Jacob Kastrenakes has a piece over at The Verge called The Dumb State of the Smart Home. It talks about how current 'smart' devices aren't capable of interconnectivity, largely because they don't talk the same language.
I know a bit about this subject, because I put together some basic home automation myself. Nothing too fancy, mine just controls a lamp, on a timer. Mine's a bit smarter than the units you plug into the wall because it changes based on sunset as to when it comes on in the evening, and only comes on if sunrise is after a certain time (i.e. it's dark enough for me to need light) in the mornings.
To do it, I use a standard set of remote control plug sockets, and a USB dongle from a company called Telldus. I use the bottom of their range, which only talks one-way, it doesn't receive data back. My application, as I said, is very basic.
The Internet of Things seems to have become a growing buzz-phrase this year, after talk of it forever. If it sounds like it's on the verge of breaking into the mainstream, I can tell you now, it won't.
Interoperability is certainly one reason. You see, my dongle transmits on 433.92 MHz. As you can see, that makes it compatible with a range of protocols, including X10, the grandfather of them all, having been around since 1975. Z-Wave and ZigBee use 868 Mhz (in Europe), which is another popular frequency.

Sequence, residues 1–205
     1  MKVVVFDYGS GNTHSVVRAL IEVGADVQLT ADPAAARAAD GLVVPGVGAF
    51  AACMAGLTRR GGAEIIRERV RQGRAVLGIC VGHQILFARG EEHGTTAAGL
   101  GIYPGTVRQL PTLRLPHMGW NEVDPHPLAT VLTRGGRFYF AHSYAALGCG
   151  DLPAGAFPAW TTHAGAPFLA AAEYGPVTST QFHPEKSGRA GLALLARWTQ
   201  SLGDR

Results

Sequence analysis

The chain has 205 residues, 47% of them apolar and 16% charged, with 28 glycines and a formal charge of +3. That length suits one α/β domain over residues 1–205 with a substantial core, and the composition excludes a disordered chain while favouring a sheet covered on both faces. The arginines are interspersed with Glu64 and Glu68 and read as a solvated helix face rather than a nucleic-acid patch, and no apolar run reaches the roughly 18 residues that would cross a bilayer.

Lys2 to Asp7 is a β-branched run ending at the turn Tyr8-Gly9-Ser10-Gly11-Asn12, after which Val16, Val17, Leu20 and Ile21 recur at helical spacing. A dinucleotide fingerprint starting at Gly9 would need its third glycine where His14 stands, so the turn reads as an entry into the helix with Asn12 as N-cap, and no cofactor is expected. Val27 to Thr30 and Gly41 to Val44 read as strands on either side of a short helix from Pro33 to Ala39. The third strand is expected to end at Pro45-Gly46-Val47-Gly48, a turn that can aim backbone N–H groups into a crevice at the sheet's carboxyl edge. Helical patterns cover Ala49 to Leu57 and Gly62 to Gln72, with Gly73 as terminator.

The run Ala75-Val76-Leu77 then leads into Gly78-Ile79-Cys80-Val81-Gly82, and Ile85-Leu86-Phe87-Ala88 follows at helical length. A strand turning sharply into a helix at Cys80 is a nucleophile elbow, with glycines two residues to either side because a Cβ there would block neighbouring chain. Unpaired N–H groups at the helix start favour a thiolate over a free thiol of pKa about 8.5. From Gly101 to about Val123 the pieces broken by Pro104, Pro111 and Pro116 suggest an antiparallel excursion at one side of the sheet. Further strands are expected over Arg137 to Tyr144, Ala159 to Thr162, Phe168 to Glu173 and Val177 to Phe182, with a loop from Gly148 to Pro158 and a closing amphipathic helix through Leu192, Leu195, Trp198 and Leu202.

Despite the such protocol ubiquity, my dongle cost around £50, for bi-directional ones you're looking at more like £100. Plus you need a computer to run it off. Even if you opt for a Raspberry Pi, you're looking at another £50 (once you factor in SD card, etc). So we're talking at least £100, before we get to the sockets. And that's cheap.
An X10 plug, just one, will set you back over £20. Add another £50-70 for a controller and you can see it gets expensive fast. Z-Wave is even more expensive, with the controller alone costing well over £100. ZigBee, assuming you can find it, seems to be around the same price.
So it's a big investment. How do you choose a protocol, because aside from X10, Z-Wave, ZigBee and the various other 433 Mhz ones, there's Lightwave RF, Insteon and Belkin's WeMo? Then you have companies like Ninja Blocks trying to make this all easier. These won't all make it, only one or two will become ubiquitous. Where do you place your bet (knowing your kit may become obsolete and you'll have to buy it all again)?
The annoying part is they don't have to be this expensive. You can pick up a transmitter for any of these frequencies for a few quid. Some people have even managed to get their Raspberry Pis working with the cheap modules (my last attempt didn't work out so well).
So, at the moment, the kit is a rip-off, it doesn't interconnect with other protocols, and no one protocol is out in front. That's why no one is looking at home automation taking off this year, and why the Internet of Things is also doomed (even if those devices tend to be more wi-fi related). Just look at how pricey the Nest controller is, and it's not even available anywhere but the US yet.
So no, now is not the time to be going smarter, homes are going to remain dumb for a while to come, at least until this mess gets sorted out and the prices drop drastically.